WORDS THAT USE -MYCETE
What does -mycete mean?
The combining form -mycete is used like a suffix meaning “mushroom, fungus.” It is occasionally used in the scientific names for classes of fungi in taxonomy.
The form -mycete comes from Greek mykétes, the plural of mykēs, meaning “mushroom.” Other combining forms meaning “fungus” that come from this same Greek root are myco- and myc-.
What are variants of -mycete?
The form -mycete is the singular form of -mycetes, as in Zygomycetes. A similar combining form used like a prefix is myceto-. Want to learn more? Check out our Words That Use entries for both -mycetes and myceto-.
Examples of -mycete
A term from mycology (the branch of biology dealing with fungi) that features the form -mycete is saccharomycete, “a single-celled yeast of the family Saccharomycetaceae.”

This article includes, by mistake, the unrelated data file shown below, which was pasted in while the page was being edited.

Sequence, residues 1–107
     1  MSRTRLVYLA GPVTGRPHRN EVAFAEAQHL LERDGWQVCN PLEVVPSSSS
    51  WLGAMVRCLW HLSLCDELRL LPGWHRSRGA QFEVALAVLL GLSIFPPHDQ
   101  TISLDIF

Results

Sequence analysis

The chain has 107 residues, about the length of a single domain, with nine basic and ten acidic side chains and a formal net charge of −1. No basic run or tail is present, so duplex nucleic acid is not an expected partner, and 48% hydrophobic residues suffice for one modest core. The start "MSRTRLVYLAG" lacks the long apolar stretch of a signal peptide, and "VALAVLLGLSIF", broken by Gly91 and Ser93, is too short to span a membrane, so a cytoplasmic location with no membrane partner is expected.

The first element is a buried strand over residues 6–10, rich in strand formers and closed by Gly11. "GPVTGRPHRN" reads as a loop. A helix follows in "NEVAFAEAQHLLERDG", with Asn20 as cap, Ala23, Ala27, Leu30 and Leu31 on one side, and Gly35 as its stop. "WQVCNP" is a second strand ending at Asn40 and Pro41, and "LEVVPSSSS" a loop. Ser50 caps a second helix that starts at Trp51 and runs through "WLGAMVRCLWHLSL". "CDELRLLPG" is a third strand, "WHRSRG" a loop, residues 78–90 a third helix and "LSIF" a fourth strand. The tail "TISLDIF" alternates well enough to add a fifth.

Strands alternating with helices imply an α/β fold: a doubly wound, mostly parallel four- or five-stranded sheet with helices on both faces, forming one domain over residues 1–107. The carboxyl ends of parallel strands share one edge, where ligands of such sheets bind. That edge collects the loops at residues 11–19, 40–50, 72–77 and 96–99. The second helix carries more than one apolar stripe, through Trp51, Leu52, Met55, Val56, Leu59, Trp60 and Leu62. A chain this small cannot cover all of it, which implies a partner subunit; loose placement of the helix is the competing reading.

The form saccharo- means “sugar.” And, as we have seen, -mycete means “fungus.” Saccharomycete literally translates to “sugar fungus.” Find out more about where this scientific name comes from at our entry for yeast.
What are some words that use the equivalent of the combining form -mycete in Latin?
What are some other forms that -mycete may be commonly confused with?
Break it down!
The combining form phyco- means “algae.” With this in mind, what do the fungi known as Phycomycetes resemble?